Shysters, Shams, and Bangkok Scams

Posted by - February 5, 2012 | Category: Asia, Escapes, Thailand

Bangkok Scams: Just Say No to Getting Scammed in Bangkok

MBK Market is somewhat of a landmark in Bangkok, and apparently it’s a hotspot for Bangkok scams. It’s the one shopping mall that even folks that don’t like shopping malls tend to visit. But like most landmarks, it attracts its fair share of crooks, cons and ne’er-do-wells. I spotted this sign near the taxi stand on the main floor of MBK warning of potential Bangkok scams.


The Bangkok Gem Scam

The jewellery shop warning refers to the infamous Thai Gemstone Scam (also called the Bangkok Gem Scam) where a shady tuk-tuk driver will say that today is “a very special day” where he will get a “gasoline coupon” to pay for all of his gas for a month. That’s of course if you take a 20 baht (about 70 cents U.S.) tour with him to sites around the city. Sounds like a very good deal indeed.

He’ll then take you to lesser known sites, or claim that the major ones are closed, and you will end up at a jewellery shop (and a suit factory, and a travel agent…) for which he receives a commission.

Once you are in the gem shop they will try to convince you that jewels are priced ridiculously low in Bangkok and you that you can make a killing by reselling the gems back home. Or they will try to sell you diamonds, gold, silver or any other sort of completely worthless jewels at seemingly too good to be true deals. Shysters.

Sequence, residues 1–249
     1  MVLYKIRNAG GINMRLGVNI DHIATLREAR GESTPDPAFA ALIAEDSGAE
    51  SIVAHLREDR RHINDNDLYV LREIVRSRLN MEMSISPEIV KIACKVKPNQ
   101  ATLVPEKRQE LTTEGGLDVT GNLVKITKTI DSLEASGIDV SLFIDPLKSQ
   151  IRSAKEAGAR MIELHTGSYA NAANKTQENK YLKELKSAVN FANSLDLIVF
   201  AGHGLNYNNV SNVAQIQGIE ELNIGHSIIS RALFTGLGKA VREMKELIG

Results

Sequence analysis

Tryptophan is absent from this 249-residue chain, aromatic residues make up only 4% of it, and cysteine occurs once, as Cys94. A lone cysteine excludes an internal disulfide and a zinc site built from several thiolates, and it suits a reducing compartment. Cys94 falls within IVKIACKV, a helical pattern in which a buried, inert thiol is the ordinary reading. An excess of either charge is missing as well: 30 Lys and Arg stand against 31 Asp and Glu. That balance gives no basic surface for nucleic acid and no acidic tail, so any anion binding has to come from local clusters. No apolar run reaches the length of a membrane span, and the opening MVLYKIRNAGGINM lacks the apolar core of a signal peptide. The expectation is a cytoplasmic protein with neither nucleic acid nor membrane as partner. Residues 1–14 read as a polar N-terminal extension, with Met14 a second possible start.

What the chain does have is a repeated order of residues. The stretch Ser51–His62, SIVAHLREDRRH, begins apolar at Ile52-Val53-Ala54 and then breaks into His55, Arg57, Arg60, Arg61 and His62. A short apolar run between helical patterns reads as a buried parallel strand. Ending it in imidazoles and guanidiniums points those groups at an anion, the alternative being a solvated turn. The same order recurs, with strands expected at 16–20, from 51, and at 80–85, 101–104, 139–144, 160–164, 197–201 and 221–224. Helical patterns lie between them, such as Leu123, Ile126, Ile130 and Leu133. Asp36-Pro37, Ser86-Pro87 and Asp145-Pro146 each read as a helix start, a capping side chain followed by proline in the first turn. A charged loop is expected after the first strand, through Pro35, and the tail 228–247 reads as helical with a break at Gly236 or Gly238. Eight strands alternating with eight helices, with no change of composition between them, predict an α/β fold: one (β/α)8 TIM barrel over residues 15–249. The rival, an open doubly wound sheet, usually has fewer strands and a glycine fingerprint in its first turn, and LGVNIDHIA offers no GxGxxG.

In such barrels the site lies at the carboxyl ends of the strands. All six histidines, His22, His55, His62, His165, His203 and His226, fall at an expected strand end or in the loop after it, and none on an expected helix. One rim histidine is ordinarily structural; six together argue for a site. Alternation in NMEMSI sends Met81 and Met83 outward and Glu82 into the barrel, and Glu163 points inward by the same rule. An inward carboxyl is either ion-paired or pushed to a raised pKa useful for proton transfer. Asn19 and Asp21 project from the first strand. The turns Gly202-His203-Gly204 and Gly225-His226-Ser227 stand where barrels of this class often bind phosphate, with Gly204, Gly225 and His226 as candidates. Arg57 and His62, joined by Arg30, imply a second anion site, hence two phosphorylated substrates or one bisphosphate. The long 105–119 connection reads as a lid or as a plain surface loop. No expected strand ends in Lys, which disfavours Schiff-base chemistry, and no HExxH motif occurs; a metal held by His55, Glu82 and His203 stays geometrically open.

If it’s too good to be true then…plain and simple, it’s just not true.

Tuk-tuk drivers in Bangkok, Thailand

Same goes for the suit factory and travel agent. The tuk-tuk driver will even claim that the travel agency you are at is the TAT – the Tourism Authority of Thailand, when it’s probably a place called Indeed Travel which charges outrageous rates to gullible newcomers.

My favourite was the British tourist who arrived at the same empty Wat that I visited. After taking some photos and engaging in some small talk, the topic got onto the jewellery scam. He said he had done it numerous times selling the stones for a hefty profit back in England. He was doing a very convincing job, and then I realized – That rat bastard, he’s in on it too!

Hundreds fall for this Bangkok scam every year.